Photos: AJ Ragasa (Glasswing)
The sun is out, the air is warm with a gentle breeze, and you cannot wait to have your first of many parties in the garden. This season, instead of just having a party outdoors, try doubling up on nature by incorporating herbs and flowers onto your table and into your decor. Embrace the beauty of nature in your outdoor setting with the aroma from fresh herbs, the color pops and patterns from flowers and, with a little forethought, into garden-inspired take-home gifts.
Being surrounded by nature is a tactile experience. Enhance the senses by bringing your favorite bloom to a centerpiece or adding aromatics to the food or beverage menu. Below are some ideas that will brighten up any garden party by using what you already have in the garden.
A table centerpiece can inspire the theme of a party. Whether it's a color palette, texture or particular type of foliage, try to work in as much of the natural garden setting as possible. Maybe you have wild honeysuckle or clematis vines in your yard that are begging to be clipped or your rosemary shrub has grown out of control. With pruners in hand, add your garden's bounty to your centerpiece. Olive branches, bay laurel, lavender, rosemary and sage are all great base layers to start the arrangement.
Try to have at least one to three "star" elements. These might include larger-faced flowers, vegetables or unique foliage pieces that will make the centerpiece really pop. Artichokes, allium flowers, nasturtiums, fig and citrus all work great as star elements.
Don't worry if your seedlings or veggies have not grown to epic proportions yet. A few small sprigs of your most abundant herbs can be placed in bud vases and scattered along the table to create a whimsical garden tablescape on their own, or can be used in conjunction with a larger arrangement depending on how bountiful your garden has been.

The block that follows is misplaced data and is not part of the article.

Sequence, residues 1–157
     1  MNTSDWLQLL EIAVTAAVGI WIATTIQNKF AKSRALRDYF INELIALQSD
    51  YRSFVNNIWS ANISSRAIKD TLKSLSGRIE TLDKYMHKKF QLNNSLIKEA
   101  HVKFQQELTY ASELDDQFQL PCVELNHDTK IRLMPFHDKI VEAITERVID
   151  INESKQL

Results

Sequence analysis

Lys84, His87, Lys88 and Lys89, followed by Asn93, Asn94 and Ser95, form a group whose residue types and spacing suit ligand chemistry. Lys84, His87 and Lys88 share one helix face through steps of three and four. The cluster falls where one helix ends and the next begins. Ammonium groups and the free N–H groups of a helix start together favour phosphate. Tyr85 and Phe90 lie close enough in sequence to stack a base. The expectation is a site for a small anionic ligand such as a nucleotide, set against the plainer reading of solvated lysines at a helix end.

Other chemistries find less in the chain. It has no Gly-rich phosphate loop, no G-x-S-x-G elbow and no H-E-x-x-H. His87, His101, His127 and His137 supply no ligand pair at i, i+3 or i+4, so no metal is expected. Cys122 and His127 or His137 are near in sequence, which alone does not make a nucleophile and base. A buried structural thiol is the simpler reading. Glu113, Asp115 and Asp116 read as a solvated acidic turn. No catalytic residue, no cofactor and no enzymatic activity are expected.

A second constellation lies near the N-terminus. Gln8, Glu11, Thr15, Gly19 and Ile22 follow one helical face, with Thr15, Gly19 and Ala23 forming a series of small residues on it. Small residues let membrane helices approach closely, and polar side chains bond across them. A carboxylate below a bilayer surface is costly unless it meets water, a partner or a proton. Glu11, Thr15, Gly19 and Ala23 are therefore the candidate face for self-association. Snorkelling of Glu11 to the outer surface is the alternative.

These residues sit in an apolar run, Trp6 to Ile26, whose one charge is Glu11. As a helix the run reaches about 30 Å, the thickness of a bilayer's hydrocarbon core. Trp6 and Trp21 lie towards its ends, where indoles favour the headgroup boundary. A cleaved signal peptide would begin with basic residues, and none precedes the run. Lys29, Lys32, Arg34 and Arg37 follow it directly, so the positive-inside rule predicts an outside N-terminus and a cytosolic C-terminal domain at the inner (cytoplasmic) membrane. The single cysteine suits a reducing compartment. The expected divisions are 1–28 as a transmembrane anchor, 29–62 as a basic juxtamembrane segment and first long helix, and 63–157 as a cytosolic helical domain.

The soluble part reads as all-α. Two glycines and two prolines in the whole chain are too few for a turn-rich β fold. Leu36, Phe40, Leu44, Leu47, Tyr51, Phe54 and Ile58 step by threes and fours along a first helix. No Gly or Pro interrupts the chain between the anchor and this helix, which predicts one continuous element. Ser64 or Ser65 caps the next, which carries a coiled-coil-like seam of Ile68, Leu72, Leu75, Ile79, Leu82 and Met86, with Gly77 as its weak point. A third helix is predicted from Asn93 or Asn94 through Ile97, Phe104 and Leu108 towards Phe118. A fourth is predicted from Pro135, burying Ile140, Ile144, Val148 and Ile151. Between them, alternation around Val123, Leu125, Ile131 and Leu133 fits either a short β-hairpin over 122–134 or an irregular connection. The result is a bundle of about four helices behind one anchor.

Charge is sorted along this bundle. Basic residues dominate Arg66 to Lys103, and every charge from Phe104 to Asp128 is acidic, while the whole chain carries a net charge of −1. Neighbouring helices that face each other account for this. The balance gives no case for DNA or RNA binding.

What better way to start off the culinary experience than with a salad featuring edible flowers. Edible flowers tend to have a kick to them that is both sweet and spicy, and their color warms up the salad's palette. There are many tasty flowers to choose from, such as chives, nasturtiums, violets, pansies, lavender, sage, marigold, calendula and roses. Make sure any flowers you use have not been sprayed with chemicals or pesticides. Wash the flowers gently so as not to disturb their delicate petals, and let the flowers air-dry before placing them on the salad. Flowers can be stored in an airtight container in the fridge until you need them.
A garden party is the perfect time to share starters of small potted herbs with your guests. Whether you use vintage-inspired terra-cotta pots or some of the old mason jars you've been collecting, having a small herb plant for each guest to take home will make their experience all-encompassing.
If you don't have enough time or plants to do potted herbs, try making cut-herb posy bouquets using a few different herb and bloom sprigs tied with twine. Lavender, sage, rosemary, sweet pea and pansies all look beautiful with just a few stems. Adding a handwritten name tag to each sprig or potted plant will make each guest feel truly special. Keep the stems in water or wait to cut them from your garden until you plan to use them to avoid wilting.
Herbal tea blends are an easy and fun way to utilize all those excess herbs you've been growing in the garden. Drying times for herbs range from five days to a couple weeks, so make sure you start this project well in advance of your party. In a pinch, you can do a quick dry with the herbs in the oven at low heat.
Related: How to Dry Fresh Herbs
Pair your herbs with different spices to create unique blends for each guest to take home. Some options may include: Lavender/Mint/Chamomile, Thyme/Rosemary/Sage and Lemon Balm/Ground Ginger/Mint. Keep tea blends in a glass jar or tin (not plastic) to preserve their taste and freshness.
What better way to cool down from the afternoon sun than by adding delicious herbal flavored ice cubes to your favorite beverage. These can be made in advance and add not only tremendous flavor, but also visual appeal to any basic drink. Try freezing lavender, rosemary, mint or basil and pairing them with lemonade, iced tea or gin cocktails. The flavor only gets better as the temperature heats up.